Sunday, July 29, 2012

Garden to Table


Tiny Red Currant and Yellow Pear Tomatoes from the garden.

Friday, July 27, 2012

Olympic Fever - Call Me Maybe

US Olympic Swim Team lip syncs to Call Me Maybe

Monday, July 23, 2012

Skyscrapers

Tuesday, July 17, 2012

Daisy and Archie


We were lounging in the backyard of our cottage last night when we spotted eight little legs through the hedgerow.  Two of the cutest Jack Russell terriers had come to visit.

We checked out their ID tags and that's how we learned their names, Daisy and Archie.  It wasn't until later that Dad noticed that Daisy had a penis.   "Daisy has a dick," he exclaimed.  That's when the kids started calling her Daisy with a D.

Anyhow, we got the number from their tag.  804 Area Code.  Richmond, Virginia.  Summer dogs like us.   No answer when we called, so Sophie and Grace leashed Daisy and Archie so they couldn't continue on their way.  Fresh water and Milk Bones were served.

Eventually, we got ahold of the owners who were staying in a cottage just two blocks away.   Turns out that Daisy is actually Toby.   Daisy is their third dog, a Cavalier King Charles Spaniel.  Toby was just wearing Daisy's collar.  They all escaped when the kids left the door open.  Apparently it wasn't the first time.  And Alex, their 12-year-old owner, confided that Archie has been peeing in the cottage.   Their neighbor in the cottage across the street popped out to say they are very bad dogs.   We liked them very much.

Thursday, July 12, 2012

Sherpa in Summer

Champion Deep Acres Autumn Splendor
Running Errands With Dad
Gorgeous Boy

Wednesday, July 4, 2012

The Monarda (Bee Balm) is in Bloom Again


The Monarda is blooming around our patio.  Common names include bee balm, horsemint, oswego tea, and bergamot, the last one due to the leaves' fragrance resembling that of Citrus bergamia fruits. The genus was named for Nicol├ís Monardes, who wrote a book in 1574 describing plants found in the New World.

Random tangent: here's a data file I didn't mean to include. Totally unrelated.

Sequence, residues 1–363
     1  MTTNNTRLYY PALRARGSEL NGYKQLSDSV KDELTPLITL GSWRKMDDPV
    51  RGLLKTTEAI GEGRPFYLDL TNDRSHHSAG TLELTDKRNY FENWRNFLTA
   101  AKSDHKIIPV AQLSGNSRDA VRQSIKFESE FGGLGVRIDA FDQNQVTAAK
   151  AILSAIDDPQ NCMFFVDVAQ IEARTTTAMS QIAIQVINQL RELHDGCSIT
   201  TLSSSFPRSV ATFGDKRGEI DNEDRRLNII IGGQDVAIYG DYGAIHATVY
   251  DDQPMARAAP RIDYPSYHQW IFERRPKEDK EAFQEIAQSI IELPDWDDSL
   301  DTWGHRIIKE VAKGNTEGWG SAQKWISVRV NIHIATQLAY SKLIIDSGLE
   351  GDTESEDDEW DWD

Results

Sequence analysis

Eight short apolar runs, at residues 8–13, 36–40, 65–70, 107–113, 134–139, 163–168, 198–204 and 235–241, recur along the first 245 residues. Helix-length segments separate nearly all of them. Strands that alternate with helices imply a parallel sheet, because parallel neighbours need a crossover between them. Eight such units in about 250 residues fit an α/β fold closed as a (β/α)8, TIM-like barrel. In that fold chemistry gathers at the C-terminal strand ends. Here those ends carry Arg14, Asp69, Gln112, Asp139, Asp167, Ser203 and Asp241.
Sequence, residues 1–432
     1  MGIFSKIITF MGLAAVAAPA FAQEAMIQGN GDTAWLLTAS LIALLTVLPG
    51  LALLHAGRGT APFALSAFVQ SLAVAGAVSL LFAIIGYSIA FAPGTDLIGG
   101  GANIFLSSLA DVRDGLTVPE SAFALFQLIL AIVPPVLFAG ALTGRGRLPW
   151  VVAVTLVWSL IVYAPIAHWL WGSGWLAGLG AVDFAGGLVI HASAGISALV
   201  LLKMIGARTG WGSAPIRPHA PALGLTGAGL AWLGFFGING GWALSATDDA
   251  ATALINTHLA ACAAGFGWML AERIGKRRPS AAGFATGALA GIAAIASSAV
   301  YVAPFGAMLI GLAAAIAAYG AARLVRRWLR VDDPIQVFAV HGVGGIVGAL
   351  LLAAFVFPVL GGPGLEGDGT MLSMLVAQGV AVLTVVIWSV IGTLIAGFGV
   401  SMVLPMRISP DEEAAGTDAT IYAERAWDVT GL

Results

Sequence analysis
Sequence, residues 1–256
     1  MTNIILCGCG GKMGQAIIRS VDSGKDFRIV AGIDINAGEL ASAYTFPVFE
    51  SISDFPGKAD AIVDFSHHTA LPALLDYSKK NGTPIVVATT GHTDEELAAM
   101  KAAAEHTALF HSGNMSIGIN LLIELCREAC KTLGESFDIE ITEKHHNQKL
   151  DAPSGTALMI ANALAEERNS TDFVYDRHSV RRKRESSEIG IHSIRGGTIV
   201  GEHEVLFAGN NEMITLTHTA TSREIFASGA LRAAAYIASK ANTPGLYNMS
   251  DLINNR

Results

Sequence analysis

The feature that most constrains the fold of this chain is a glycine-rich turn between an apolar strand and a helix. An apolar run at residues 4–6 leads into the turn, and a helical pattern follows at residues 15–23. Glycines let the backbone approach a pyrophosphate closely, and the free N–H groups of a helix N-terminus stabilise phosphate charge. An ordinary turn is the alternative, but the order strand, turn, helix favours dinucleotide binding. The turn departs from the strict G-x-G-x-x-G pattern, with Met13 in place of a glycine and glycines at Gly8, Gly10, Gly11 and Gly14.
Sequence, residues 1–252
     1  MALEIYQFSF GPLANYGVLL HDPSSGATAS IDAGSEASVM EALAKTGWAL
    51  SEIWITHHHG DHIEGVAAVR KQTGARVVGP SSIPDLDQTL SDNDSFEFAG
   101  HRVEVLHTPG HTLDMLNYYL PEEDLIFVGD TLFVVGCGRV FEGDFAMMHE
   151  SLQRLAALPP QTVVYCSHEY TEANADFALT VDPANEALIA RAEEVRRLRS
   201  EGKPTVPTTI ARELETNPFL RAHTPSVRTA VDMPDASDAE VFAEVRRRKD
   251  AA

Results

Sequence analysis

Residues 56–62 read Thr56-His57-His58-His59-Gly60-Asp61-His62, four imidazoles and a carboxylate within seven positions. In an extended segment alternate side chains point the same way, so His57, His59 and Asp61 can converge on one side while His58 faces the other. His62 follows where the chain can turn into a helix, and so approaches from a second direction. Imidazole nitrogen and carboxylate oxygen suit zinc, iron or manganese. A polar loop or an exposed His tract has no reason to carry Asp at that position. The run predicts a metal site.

Several bee balm species (Monarda fistulosa and Monarda didyma) have a long history of use as a medicinal plants by many Native Americans including the Blackfoot, Menominee, Ojibwa and Winnebago. The Blackfoot Indians recognized the strong antiseptic action of these plants, and used poultices of the plant for skin infections and minor wounds. A tea made from the plant was also used to treat mouth and throat infections caused by dental caries and gingivitis. Bee balm is the natural source of the antiseptic Thymol, the primary active ingredient in modern commercial mouthwash formulas. The Winnebago used a tea made from bee balm as a general stimulant. Bee balm was also used as a carminative herb by Native Americans to treat excessive flatulence.  An infusion of crushed Monarda leaves in boiling water has been used to treat headaches and fevers.

Although somewhat bitter, due to the thymol content in the leaves and buds, the plant tastes like a mix of spearmint and peppermint with oregano. Bee balm was traditionally used by Native Americans as a seasoning for wild game, particularly birds. The plants are widespread across North America and can be found in moist meadows, hillsides, and forest clearings up to 5,000 feet (1,500 m) in elevation.

And Rufus, Grand Champion Deep Acres Fields of Gold, is blooming in the show ring.   Currently ranked #8 in all-breed competition, Rufi recently was invited to show at the Top 20 Invitational at the Tibetan Terrier Club of America's National Specialty show.  The following weekend, Dad showed him wearing jeans and t-shirt (Dad, not Rufus. It was 93 degrees after all.)  and Rufus took a  Group 3 placement.  Rufus is now on hiatus for a few years (we think) to enjoy his teenage years.  You are only 2-dog-years-old once, so we say enjoy it.  Sweating at dog shows is not so enjoyable.  Even when you go home with the big rosette.

Tuesday, July 3, 2012

Nasturtium Pesto


We have a bunch of nasturtium plants in our garden and in pots on the patio.  We like to use the flowers and leaves in salads.  Lately we have seen a number of recipes for nasturtium pesto and last night we substituted one cup of nasturtium leaves for the Italian Parsley we usually use.   We also added a 1/4 cup of raw pistachios to the pine nuts in the pesto.   We forgot to use the garlic called for, but we didn't miss it at all.   The nasturtium leaves give the pesto a savory peppery flavor. Here's a link to the Best Basil Pesto Recipe Ever.  Substitute away!

Monday, July 2, 2012

Our Newest Champ


Our girl, Pandora, who lives with her dad Toby in San Diego took Best of Opposite Sex yesterday in Long Beach and became a new champion. With Pandy's new champion title, Suddie and Toby can brag that a full one-third of their pups are now champions.